The human gut is lined with more than 100 million nerve cells—it’s practically a brain unto itself. And indeed, the gut actually talks to the brain, releasing hormones into the bloodstream that, over the course of about 10 minutes, tell us how hungry it is, or that we shouldn’t have eaten an entire pizza. But a new study reveals the gut has a much more direct connection to the brain through a neural circuit that allows it to transmit signals in mere seconds. The findings could lead to new treatments for obesity, eating disorders, and even depression and autism—all of which have been linked to a malfunctioning gut.
The study reveals “a new set of pathways that use gut cells to rapidly communicate with … the brain stem,” says Daniel Drucker, a clinician-scientist who studies gut disorders at the Lunenfeld-Tanenbaum Research Institute in Toronto, Canada, who was not involved with the work. Although many questions remain before the clinical implications become clear, he says, “This is a cool new piece of the puzzle.”
In 2010, neuroscientist Diego Bohórquez of Duke University in Durham, North Carolina, made a startling discovery while looking through his electron microscope. Enteroendocrine cells, which stud the lining of the gut and produce hormones that spur digestion and suppress hunger, had footlike protrusions that resemble the synapses neurons use to communicate with each other. Bohórquez knew the enteroendocrine cells could send hormonal messages to the central nervous system, but he also wondered whether they could “talk” to the brain using electrical signals, the way that neurons do. If so, they would have to send the signals through the vagus nerve, which travels from the gut to the brain stem.
He and colleagues injected a fluorescent rabies virus, which is transmitted through neuronal synapses, into the colons of mice and waited for the enteroendocrine cells and their partners to light up. Those partners turned out to be to vagal neurons, the researchers report today in Science.
In a petri dish, enteroendocrine cells reached out to vagal neurons and formed synaptic connections with each other. The cells even gushed out glutamate, a neurotransmitter involved in smell and taste, which the vagal neurons picked up on within 100 milliseconds—faster than an eyeblink.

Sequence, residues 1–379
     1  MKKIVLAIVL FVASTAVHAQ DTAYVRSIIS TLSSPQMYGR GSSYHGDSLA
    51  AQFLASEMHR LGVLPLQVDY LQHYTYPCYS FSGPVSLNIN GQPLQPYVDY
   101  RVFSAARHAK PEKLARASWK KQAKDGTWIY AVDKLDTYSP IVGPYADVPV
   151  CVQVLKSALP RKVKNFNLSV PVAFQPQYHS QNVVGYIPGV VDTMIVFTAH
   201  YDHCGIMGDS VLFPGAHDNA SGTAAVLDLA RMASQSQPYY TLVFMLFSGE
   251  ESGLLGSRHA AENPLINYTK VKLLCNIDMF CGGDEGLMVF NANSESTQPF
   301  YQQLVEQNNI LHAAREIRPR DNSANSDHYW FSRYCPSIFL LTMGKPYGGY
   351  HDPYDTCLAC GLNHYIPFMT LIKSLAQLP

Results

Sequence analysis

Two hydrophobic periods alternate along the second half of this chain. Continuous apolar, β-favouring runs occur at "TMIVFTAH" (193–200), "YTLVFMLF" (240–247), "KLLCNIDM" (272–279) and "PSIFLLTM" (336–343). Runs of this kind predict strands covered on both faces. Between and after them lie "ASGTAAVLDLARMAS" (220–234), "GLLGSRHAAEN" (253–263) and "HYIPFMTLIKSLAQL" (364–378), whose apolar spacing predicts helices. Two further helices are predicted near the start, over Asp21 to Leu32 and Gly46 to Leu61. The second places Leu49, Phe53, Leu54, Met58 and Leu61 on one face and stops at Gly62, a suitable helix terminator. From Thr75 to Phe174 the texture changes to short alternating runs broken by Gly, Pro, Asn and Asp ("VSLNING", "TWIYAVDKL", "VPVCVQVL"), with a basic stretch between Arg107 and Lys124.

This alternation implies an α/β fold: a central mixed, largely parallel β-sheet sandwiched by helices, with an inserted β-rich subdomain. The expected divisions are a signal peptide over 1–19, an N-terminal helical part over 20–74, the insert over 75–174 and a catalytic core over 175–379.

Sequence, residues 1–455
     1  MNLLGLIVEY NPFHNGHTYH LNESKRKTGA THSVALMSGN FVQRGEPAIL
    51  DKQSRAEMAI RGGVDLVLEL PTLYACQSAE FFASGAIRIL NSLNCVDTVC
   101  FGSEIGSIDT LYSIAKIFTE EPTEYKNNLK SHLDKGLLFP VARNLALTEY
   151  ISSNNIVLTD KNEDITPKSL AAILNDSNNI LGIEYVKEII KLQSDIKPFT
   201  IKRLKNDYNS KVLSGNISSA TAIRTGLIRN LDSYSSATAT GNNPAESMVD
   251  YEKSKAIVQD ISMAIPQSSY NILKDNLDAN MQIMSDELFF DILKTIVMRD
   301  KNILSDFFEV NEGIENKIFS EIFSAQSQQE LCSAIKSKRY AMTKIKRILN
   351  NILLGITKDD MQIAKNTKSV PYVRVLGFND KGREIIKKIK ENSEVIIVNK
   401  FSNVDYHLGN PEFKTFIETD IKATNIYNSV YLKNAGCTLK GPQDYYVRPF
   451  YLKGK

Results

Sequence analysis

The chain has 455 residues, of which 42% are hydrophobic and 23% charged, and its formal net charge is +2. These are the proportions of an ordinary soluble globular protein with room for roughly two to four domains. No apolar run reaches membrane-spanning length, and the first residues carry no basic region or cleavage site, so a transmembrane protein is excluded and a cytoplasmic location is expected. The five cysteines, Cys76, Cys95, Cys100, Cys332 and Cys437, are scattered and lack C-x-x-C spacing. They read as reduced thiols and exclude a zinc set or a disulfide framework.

That’s much faster than hormones can travel from the gut to the brain through the bloodstream, Bohórquez says. Hormones’ sluggishness may be responsible for the failures of many appetite suppressants that target them, he says. The next step is to study whether this gut-brain signaling provides the brain with important information about the nutrients and caloric value of the food we eat, he says.
There are some obvious advantages to superfast gut-brain signaling, such as detecting toxins and poison, but there may be other perks to sensing the contents of our guts in real time, he says. Whatever those are, there’s a good chance the benefits are ancient—gut sensory cells date back to one of the first multicellular organisms, a flat creature called Trichoplax adhaerens, which arose roughly 600 million years ago.
Additional clues about how gut sensory cells benefit us today lie in a separate study, published today in Cell. Researchers used lasers to stimulate the sensory neurons that innervate the gut in mice, which produced rewarding sensations the rodents worked hard to repeat. The laser stimulation also increased levels of a mood-boosting neurotransmitter called dopamine in the rodents’ brains, the researchers found.
Combined, the two papers help explain why stimulating the vagus nerve with electrical current can treat severe depression in people, says Ivan de Araujo, a neuroscientist at the Icahn School of Medicine at Mount Sinai in New York City, who led the Cell study. The results may also explain why, on a basic level, eating makes us feel good. “Even though these neurons are outside the brain, they perfectly fit the definition of reward neurons” that drive motivation and increase pleasure, he says.